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Saflok Lock Vulnerability Can Be Exploited to Open Millions of Doors

Vulnerability in Dormakaba’s Saflok electronic locks allow hackers to forge keycards and open millions of doors.

Door lock hacking

A security vulnerability in Dormakaba’s Saflok electronic locks can be exploited to forge keycards and open doors, security researchers warn.

The issue, named Unsaflok, impacts more than three million locks commonly used in hotels and multi-family housing environments. A total of more than 13,000 locations across 131 countries are likely affected.

Vulnerable lock models include Saflok MT and the Quantum, RT, Saffire, and Confidant series devices, which are used in combination with the System 6000, Ambiance, and Community management software.

According to the security researchers who identified and reported the flaw in September 2022, an attacker could use a keycard from a property where the vulnerable locks are used to forge a keycard and unlock any door on that property.

“This keycard can be from their own room, or even an expired keycard taken from the express checkout collection box. Forged keycards can then be created using any MIFARE Classic card, and any commercially available tool capable of writing data to these cards. One pair of forged keycards allows an attacker to open any door in the property,” the researchers explain.

Any device that can write or emulate MIFARE Classic cards can be used to perform the attack, including an NFC-capable Android phone.

While the researchers refrained from sharing specific information on the bug, Dormakaba reveals that the issue is “associated with both the key derivation algorithm used to generate MIFARE Classic keys and the secondary encryption algorithm used to secure the underlying card data”.

Dormakaba began working on patches shortly after learning of the vulnerability and has started rolling them out in November 2023, but the process is slow and only 36% of affected locks have received the fix to date.

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“Upgrading each hotel is an intensive process. All locks require a software update or have to be replaced. Additionally, all keycards have to be reissued, front desk software and card encoders have to be upgraded, and 3rd party integrations,” the researchers explain.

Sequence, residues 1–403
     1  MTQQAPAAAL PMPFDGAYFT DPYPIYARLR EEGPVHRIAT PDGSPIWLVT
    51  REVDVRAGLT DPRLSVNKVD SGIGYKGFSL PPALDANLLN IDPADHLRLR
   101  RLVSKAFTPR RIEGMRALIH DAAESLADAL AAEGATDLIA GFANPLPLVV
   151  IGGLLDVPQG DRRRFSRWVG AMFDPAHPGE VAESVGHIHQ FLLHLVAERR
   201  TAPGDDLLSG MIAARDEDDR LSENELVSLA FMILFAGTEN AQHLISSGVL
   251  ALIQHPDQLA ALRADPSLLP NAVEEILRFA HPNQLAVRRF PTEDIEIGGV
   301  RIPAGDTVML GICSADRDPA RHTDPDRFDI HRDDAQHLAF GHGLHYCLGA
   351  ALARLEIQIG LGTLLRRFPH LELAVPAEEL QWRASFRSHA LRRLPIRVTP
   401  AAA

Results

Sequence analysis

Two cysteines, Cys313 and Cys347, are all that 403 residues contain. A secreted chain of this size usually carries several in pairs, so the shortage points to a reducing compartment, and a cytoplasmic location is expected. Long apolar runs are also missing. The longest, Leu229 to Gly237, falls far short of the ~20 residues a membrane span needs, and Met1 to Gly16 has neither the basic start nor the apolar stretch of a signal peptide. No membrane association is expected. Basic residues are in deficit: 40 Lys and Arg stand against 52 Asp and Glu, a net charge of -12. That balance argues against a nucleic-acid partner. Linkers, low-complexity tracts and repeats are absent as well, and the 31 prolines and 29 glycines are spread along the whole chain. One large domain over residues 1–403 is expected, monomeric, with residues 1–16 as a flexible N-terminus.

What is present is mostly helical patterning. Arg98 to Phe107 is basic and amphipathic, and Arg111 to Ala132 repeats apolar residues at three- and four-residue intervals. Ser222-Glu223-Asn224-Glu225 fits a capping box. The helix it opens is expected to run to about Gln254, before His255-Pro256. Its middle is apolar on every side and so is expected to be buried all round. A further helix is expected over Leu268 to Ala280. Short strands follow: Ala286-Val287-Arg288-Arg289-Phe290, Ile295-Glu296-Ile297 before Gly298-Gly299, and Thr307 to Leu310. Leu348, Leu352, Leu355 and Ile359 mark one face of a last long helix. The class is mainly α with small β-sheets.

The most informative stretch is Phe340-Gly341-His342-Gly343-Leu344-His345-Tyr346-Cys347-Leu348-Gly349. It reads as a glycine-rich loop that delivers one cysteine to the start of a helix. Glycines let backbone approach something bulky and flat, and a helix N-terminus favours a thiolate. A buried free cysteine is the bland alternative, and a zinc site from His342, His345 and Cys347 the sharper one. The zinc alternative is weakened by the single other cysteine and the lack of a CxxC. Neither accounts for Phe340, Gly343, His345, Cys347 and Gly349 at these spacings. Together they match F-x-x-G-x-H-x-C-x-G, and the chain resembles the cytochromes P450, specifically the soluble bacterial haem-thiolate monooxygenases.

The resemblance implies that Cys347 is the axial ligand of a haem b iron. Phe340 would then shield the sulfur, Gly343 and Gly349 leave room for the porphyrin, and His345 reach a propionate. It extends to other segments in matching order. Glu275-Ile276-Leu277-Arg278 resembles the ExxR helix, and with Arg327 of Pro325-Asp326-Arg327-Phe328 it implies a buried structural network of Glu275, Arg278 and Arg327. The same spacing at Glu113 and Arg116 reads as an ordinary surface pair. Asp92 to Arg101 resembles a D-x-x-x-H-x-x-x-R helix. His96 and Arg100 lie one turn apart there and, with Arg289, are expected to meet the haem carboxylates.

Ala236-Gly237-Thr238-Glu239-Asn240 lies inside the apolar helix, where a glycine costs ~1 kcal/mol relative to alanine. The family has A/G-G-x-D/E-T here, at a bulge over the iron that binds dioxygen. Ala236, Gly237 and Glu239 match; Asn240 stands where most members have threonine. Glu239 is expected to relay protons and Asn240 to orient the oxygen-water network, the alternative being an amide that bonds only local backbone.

While there is no visible difference between patched and unpatched locks, the use of MIFARE Ultralight C cards instead of MIFARE Classic does mean that the hotel has been upgraded.

According to the security researchers, while the vulnerable locks have been commercially available since 1988, they are not aware of real-world attacks exploiting this vulnerability.

To determine whether the vulnerability has been exploited, hotel staff can audit the lock’s entry/exit logs, via the HH6 device.

“We are unaware of any reported instances of this issue being exploited. Still, we strongly recommend all customers not already engaged in scheduled security upgrades address this vulnerability as soon as possible,” Dormakaba notes.

The company has prepared self-diagnosis guidance for its hospitality and multi-family housing customers and encourages them to contact it for additional support in addressing the vulnerability.

Although MIFARE Classic keycards are used by other electronic lock manufacturers as well, the Unsaflok vulnerability only impacts Dormakaba Saflok systems.

SecurityWeek has emailed Dormakaba for a statement on the issue and will update this article as soon as a reply arrives.

Related: Unpatched Sceiner Smart Lock Vulnerabilities Allow Hackers to Open Doors

Related: Aiphone Intercom System Vulnerability Allows Hackers to Open Doors

Related: Nuki Smart Lock Vulnerabilities Allow Hackers to Open Doors

Written By

Ionut Arghire is an international correspondent for SecurityWeek.

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